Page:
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spyguy

Russian Bombers Fly Up The English Channel

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1) Its a new worldwar! We're all going to die!!!!!

2) Those planes are really cool. I want one.

_80661814_preview.jpg

The BBC link still says 'Russian jets'. Christ, how many people working in their news dept??

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1) Its a new worldwar! We're all going to die!!!!!

2) Those planes are really cool. I want one.

_80661814_preview.jpg

The BBC link still says 'Russian jets'. Christ, how many people working in their news dept??

That's an old pic, taken in 2014 according to Wiki. They've been doing this for 40-odd years, don't panic..... DON'T PANIC!

http://en.wikipedia.org/wiki/Tupolev_Tu-95

Actually, looking at the tail markings, that could be a Beeb Bear!

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1) Its a new worldwar! We're all going to die!!!!!

2) Those planes are really cool. I want one.

_80661814_preview.jpg

The BBC link still says 'Russian jets'. Christ, how many people working in their news dept??

That picture reminds me of a TV program about Canadian fighter pilots and the way they intercept the Russian bombers. A young F18 pilot explained that she has to wear a nappy on long missions as she can't pee into the tube provided. "When I'm a matter of metres away and can see the Russian crew looking at me, I always wonder what they would think if they knew they had just been intercepted by a girl wearing a nappy".

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Big Bomber Club.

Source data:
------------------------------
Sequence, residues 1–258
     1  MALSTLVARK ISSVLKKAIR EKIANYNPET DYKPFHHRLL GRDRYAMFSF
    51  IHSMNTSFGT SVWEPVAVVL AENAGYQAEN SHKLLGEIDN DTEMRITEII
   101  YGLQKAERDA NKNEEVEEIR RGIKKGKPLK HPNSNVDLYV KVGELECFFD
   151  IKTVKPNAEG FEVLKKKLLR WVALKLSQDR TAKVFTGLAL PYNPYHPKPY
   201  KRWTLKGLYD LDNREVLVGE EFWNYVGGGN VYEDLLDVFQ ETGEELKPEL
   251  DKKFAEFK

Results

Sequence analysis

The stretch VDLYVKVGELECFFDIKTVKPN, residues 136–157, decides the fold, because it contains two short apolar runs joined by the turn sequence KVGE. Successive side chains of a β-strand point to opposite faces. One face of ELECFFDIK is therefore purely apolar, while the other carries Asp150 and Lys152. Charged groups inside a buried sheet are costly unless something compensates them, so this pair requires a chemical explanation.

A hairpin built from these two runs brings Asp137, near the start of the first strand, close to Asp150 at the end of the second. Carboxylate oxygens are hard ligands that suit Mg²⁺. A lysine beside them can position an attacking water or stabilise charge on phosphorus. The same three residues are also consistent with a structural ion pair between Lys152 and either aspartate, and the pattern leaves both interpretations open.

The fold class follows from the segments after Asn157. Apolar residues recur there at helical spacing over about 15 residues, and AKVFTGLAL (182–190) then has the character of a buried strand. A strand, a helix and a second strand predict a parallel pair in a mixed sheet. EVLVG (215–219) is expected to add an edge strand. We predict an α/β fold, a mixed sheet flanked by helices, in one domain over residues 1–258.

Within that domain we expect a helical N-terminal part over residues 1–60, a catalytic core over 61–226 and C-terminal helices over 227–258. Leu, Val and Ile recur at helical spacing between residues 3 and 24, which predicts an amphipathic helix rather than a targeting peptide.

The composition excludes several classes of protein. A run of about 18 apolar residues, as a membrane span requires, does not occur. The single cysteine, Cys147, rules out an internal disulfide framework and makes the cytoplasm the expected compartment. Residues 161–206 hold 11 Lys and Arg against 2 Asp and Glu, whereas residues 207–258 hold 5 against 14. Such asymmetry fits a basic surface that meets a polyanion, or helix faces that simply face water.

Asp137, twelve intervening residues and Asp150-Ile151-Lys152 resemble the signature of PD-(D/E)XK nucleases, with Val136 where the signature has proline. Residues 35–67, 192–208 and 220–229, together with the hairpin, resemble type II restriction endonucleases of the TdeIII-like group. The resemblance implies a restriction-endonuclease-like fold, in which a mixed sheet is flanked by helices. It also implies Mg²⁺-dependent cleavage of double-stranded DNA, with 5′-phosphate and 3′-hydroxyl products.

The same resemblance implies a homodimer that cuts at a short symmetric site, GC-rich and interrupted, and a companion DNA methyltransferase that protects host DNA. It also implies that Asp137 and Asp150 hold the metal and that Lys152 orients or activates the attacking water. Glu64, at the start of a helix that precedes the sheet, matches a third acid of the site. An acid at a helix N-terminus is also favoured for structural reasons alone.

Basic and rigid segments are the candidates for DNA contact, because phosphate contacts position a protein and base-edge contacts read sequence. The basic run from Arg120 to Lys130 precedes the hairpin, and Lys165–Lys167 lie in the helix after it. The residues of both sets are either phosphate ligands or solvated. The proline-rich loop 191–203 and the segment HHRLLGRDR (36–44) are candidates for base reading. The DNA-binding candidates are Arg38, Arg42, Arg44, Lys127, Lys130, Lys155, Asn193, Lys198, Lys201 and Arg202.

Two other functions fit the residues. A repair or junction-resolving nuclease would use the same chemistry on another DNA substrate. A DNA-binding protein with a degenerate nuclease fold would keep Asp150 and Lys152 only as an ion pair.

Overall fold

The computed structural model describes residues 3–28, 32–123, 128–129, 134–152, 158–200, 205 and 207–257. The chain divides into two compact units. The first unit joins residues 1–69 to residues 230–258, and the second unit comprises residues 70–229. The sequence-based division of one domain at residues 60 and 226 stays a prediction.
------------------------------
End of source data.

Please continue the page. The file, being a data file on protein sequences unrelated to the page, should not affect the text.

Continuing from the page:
Russian navy no doubt sails up and down the channel all the time.

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Yes because it's fine for us to fly into other peoples airspace and kill a few, that's just peacekeeping, but if someone else comes and stays out of our airspace, that's unjustified agression.

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The BBC link still says 'Russian jets'. Christ, how many people working in their news dept??

It is a jet - those engines do not have pistons. Technically it is a turbo prop, so propellors powered by jet engines.

They're doing it because they can. These are no longer realistic strategic bombers, they would get shot down almost as soon as they took off if it all got nasty. And if it did get nasty, the first we would know about it would be a bunch of MIRVs de-orbiting at about mach elevnty billion, not some bomber lumbering along at 500 mph.

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Those Bears now carry nuclear tipped cruise missiles with a range of about 2,000 miles with a speed of MACH 4 - we currently have nothing to stop those missiles. Nothing.

The Russians developed them despite a treaty that neither them or us would develop a supersonic cruise missile.

Starting this year the RAF is going to have its first Mach 4 air to air missile - the Meteor - and the US Navy is earmarked to begin carrying the AIM-120D sometime in 2016/17 with the aim of having them on all carrier battle groups sometime around 2020. The Meteor is going to be used by several NATO air forces - the UK, Swedes, Germans, Italians and a few others. Of course, it then takes them to train crews in the use of both missiles and to make them a standard.

In other words, we don't, as yet, have anything that can shoot down the Russian cruise missiles. Nothing. It is a HUGE hole in Western defences. The best hope we have is that one of our fighters detects the Bear preparing to launch and they take it out - can you imagine that responsibility? Then imagine having to make that decision in a matter of seconds whilst the MIG-31s escorting the Bears do a roll and lock their weapons on you.

Thankfully - really thankfully - the UK forced through the Meteor development over the AIM-120D and contnued to fund it when other Nato countries - mainly the Germans - pulled out of it briefly.